Proud Mary

Proud Mary

Alberta

Inventive coffee roaster with the best coffee house food in town
Coming all the way from Australia, Proud Mary throws its cork-brimmed hat in the Portland coffee shop ring. While they roast their own coffee here and offer brews that challenge the top shops in town, the food is what elevates the spot. It’s eminently Instagrammable, with bright colors from local, organic fruits and vegetables topping parfaits and ricotta hotcakes, mushroom sauté, and potato hashes. Creative items like watermelon salad with sticky pork and harissa-marinated avocado on toast help to define it as a daring, innovative restaurant as much as it is a coffeehouse. It’s all served by friendly, knowledgeable servers with Aussie accents in an owner-designed-and-built space.

Tiffin Asha

Alberta

A beloved food cart heads indoors and only gets better
Tiffin Asha, one of our picks for Thrillist’s Prime 13 best new restaurants of the year, already had its fair share of stans for its N Mississippi food cart that first opened in 2013. Now that it's moved to a brick-and-mortar -- the downstairs of an apartment building -- in August, the restaurant's voice is stronger than ever, ensuring their South Indian plates get the attention the underserved cuisine is due. Cart favorites like the Hot Chick (a chicken pakora, pickled kale, and black cardamom infused-honey stuffed dosa) carried over to Tiffin Asha 2.0's menu, but the expansion of new dishes parade chef Elizabeth Golay's virile curiosity into the cuisine that her co-owner and partner, Sheila Bommakanti, grew up eating. Don't sleep on the Sweet & Salty dosa, where blue cheese and honey is flourished with fleur de sel, or the idli fries dipped in a house-made curry ketchup. 

David Alvarado

Güero

Kerns

Casual Mexican spot helping make Portland a sandwich mecca
Guero is the Mexican restaurant Portland needed. Its speciality: tortas, sandwiches with a variety of toppings, from the Mexican-style hamburguesa to the vegetarian refrito with refried beans. However, the one that reigns supreme is the classic ahogada, with carnitas, habanero slaw, and cilantro on grilled bolillo (a sort of Mexican baguette). The entire thing is drenched in achiote, a spicy tomato sauce, making for a deliciously sopping mess. The restaurant also serves a rice and bean bowl, a pozole, mezcal, cocktails, and beer.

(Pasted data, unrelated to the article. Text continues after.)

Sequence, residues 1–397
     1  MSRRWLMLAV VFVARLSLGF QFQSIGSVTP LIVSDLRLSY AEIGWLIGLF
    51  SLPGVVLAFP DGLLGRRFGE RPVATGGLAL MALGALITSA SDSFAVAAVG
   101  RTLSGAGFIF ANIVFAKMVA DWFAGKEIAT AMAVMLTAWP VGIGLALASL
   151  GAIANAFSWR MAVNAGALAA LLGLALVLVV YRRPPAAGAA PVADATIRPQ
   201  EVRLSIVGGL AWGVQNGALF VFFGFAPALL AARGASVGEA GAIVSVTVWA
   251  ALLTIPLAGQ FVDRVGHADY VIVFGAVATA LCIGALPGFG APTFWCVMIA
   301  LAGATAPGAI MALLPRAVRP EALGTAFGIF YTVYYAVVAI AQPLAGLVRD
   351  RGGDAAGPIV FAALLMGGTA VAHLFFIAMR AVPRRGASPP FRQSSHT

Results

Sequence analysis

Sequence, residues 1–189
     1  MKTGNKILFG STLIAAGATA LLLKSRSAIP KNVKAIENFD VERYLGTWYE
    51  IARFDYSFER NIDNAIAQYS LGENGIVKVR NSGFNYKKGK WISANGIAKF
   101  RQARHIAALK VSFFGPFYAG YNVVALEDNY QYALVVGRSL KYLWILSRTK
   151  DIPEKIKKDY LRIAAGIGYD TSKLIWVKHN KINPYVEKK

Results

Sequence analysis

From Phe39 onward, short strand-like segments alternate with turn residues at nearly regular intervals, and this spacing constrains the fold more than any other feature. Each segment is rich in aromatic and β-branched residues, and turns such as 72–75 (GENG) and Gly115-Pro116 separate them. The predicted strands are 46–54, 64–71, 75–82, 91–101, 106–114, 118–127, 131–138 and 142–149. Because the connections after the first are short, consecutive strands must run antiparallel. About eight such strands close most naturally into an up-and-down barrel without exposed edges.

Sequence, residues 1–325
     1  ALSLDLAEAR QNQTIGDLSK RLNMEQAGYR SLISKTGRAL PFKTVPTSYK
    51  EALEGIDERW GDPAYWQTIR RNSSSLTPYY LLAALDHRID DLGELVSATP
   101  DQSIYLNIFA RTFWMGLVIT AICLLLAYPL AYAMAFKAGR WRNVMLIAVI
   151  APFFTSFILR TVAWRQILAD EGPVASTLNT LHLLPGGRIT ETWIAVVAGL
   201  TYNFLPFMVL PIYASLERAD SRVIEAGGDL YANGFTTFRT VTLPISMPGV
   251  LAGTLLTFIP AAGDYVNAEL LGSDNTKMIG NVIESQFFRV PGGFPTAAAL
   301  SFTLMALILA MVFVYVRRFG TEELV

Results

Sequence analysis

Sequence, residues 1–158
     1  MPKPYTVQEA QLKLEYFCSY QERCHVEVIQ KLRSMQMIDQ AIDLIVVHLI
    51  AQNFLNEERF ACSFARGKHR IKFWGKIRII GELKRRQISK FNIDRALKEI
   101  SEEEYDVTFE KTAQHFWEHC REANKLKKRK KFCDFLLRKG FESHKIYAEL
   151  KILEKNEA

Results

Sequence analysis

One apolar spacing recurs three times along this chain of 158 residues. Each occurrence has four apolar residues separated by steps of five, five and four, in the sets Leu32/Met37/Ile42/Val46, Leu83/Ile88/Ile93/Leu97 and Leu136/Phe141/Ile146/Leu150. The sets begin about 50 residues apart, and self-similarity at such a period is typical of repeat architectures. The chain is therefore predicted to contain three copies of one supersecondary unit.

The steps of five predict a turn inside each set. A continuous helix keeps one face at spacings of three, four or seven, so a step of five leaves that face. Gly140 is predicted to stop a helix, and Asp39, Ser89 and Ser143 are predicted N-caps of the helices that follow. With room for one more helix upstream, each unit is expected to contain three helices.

Stacked Sandwiches

Stacked Sandwich Shop

Buckman

Breakout sandwich shop vying for dominance with homemade ingredients
Between Bunk, Lardo, East Side Delicatessen, and others, Portland has no dearth of sandwich shops, and adding another one to the mix could have been seen as redundant. But that was before Stacked landed, a creation from Gabriel Pascuzzi, where every ingredient in the sandwich (save for the bun) is made in-house, including cured meats and pickled vegetables. The turkey Reuben, oxtail French dip, and vegan gyro are all standouts, and should definitely be ordered with a side of salt and vinegar chips. Stacked also has a happy hour that features snacks, burger and drink specials, and a recently added Saturday brunch menu with, of course, breakfast sandwiches, as well as sweets and hashes.

Christine Dong

XLB

Boise

Chinese comfort food with a great happy hour you’ll wanna bring friends to
Chinese comfort food is the focus at XLB, and its main dish is its namesake: xiao long bao, garlic and ginger pork dumplings. The bao menu includes other tasty treats, including steamed buns with pork and cabbage, mushroom and chives, and chili shrimp wontons. Delicious noodle dishes and shared plates of five-spice popcorn chicken or bok choy with oyster sauce makes it a great place for groups or dates, especially during happy hour from 5 to 6pm each day when you can find discounted beer and wine, as well as a bao and beer special.